Gold Leaf peeling

An interactive section of

Topics include: Sign Making, Design, Fabrication, Letterheads, Sign Books.

Off Topic Posts may be deleted at the discretion of the web hosts. ABSOLUTELY NO SHARING OF COPYRIGHTED FONTS, CLIP ART, or VIDEOS!

Please take social chit-chat elsewhere!

Moderators: Danny Baronian, Mike Jackson

Post Reply
Adam Gonzalez
Posts: 1
Joined: Tue May 01, 2018 9:15 pm

Gold Leaf peeling

Post by Adam Gonzalez » Tue Jul 03, 2018 4:59 pm

Hello! This is my first post on this site and i don't know where else to go for answers.
Anyways, I have a customer that has what it looks like a 23k gild but it is totally destroyed and peeling, I did not do this job but another person did.
My customer would like to have the whole thing re done, now this customer of mine is a baker and the window just happens to be right against the oven. I'm 100% percent sure that this is the reason why this is happening. Does anyone have any recommendations on whether or not I should redo it and if so if there is a another varnish I should use besides the one that is sold on Letter Head Sign Supply?

PS it was sealed.
window.jpg (454.46 KiB) Viewed 1146 times
window2.jpg (497.72 KiB) Viewed 1146 times

Lee Littlewood
Posts: 219
Joined: Thu Apr 15, 2004 2:36 pm
Location: Portland, Oregon

Re: Gold Leaf peeling

Post by Lee Littlewood » Wed Jul 04, 2018 2:13 am

How old is this job? I notice that the black shading looks quite deteriorated, which usually takes awhile. And the black seems to be breaking up & down, which makes me think of condensation running down the windows. By comparison, the leaf is mostly solid (except for ‘croissant’) with big chips missing.
So yes, I would worry about being close to the ovens, but more about facing into the sun (if it does). Heat (from front or back) will make the paint film dry, then drier, then brittle as the volatile elements are driven out. And once it is an inflexible, brittle film, paint will begin to separate because it cannot move with the glass as the pane expands and contracts - you can sometimes see actual air bubbles in a solid black shade on a window where the paint has pulled away and now looks like a different color - i think the left edges of C & R in ‘croissant’ show this.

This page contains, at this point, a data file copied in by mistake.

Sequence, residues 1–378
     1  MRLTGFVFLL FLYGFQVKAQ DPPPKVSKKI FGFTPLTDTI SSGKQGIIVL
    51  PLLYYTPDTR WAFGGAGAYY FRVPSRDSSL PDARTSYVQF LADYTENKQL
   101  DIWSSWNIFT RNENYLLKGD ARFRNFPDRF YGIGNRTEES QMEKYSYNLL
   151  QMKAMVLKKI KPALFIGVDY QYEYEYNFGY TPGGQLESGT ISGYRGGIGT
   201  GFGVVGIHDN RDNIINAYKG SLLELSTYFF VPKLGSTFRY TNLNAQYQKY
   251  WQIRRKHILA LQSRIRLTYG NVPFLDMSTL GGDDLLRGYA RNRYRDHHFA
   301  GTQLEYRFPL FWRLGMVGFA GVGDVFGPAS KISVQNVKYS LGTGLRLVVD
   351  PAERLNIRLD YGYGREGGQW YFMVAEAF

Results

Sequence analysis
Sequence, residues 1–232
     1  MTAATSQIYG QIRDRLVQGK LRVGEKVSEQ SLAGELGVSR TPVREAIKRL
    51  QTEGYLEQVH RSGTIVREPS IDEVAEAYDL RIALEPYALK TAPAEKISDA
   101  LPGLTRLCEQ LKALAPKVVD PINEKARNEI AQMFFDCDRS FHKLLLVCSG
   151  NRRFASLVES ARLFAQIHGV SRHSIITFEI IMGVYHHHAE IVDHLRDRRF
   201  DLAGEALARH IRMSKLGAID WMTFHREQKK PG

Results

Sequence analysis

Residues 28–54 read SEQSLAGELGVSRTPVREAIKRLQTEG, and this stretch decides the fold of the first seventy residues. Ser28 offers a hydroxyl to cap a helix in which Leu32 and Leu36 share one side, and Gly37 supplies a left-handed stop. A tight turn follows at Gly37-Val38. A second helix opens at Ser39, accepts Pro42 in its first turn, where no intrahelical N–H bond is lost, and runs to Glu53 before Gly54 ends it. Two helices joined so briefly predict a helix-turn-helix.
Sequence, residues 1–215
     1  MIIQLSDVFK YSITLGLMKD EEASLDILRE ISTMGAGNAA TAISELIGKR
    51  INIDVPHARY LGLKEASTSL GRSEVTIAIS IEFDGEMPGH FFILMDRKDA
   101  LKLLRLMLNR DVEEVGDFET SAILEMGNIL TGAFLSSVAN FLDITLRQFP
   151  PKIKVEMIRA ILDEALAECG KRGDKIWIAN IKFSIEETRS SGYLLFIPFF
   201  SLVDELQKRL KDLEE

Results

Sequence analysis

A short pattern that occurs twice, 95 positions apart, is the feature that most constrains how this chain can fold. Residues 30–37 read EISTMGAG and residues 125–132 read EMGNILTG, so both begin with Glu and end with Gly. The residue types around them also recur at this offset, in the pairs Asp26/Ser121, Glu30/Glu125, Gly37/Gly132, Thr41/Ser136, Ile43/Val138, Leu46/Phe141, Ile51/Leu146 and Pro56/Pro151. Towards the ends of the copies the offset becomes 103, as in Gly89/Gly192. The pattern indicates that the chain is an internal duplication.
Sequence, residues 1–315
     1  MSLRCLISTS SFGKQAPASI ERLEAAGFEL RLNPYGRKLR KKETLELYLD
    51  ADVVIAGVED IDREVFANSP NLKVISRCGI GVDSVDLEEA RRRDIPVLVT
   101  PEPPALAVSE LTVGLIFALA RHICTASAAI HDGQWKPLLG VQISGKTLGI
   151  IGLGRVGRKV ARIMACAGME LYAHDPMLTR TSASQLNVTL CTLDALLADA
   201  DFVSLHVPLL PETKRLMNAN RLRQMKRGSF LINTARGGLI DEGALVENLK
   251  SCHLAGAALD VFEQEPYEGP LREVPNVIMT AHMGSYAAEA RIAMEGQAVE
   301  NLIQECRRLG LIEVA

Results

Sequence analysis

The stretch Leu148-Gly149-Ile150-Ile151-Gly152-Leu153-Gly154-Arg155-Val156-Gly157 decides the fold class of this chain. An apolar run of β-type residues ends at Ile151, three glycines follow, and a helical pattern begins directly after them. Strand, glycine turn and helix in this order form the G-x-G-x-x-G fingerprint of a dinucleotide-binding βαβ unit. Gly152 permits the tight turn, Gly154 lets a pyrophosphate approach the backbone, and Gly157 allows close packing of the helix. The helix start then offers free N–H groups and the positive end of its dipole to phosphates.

Suggestions? Clean glass and gild and backup as usual, But when you do the black shade try to slow the paint down a little with linseed oil and some driers, and let it sit for awhile (maybe over a weekend) before the clearcoat.
Then use vinyl, not varnish for the clear. The very best film i’ve found is SignGold tedlar clear - very expensive and i don’t think available any more (...). But there are some anti-grafitti clears and other Tedlars, and i think that all of them will protect against condensation and abrasion better than varnishes will. I don’t know if films will do any better in keeping the paint film flexible, but I don’t think they’ll be worser.
The big pain with films is that (for me) pre-cutting has not worked out, so I have to lay the film over gold right on the glass (dry), and then cut around the shapes with a sharp blade. A brush is a lot easier for me to handle, but a light touch with a sharp blade helps. Another problem is that you really don’t want to trap solvents or moisture under the film, so letting everything cure out adds more waiting time to the job. (One time I did do a wet lay of translucent vinyl over the shaded leaf, and yes the leaf did bubble up some but then it laid back down - no cracks, but an ‘antique’ look.)

Or redesign the job, using panels in back of the gold. Again I would use vinyl for the panels, but a good coat of paint will certainly protect the gold. I wonder if anyone has used water-base paint for a panel in back of leaf? Water-base is physically tougher than oil-base, and it seems more flexible, and I have seen it stick to glass like grim death.
where am i? Now, when i need me...

Post Reply

Who is online

Users browsing this forum: Bing [Bot], Kyrie-Anne McCune and 13 guests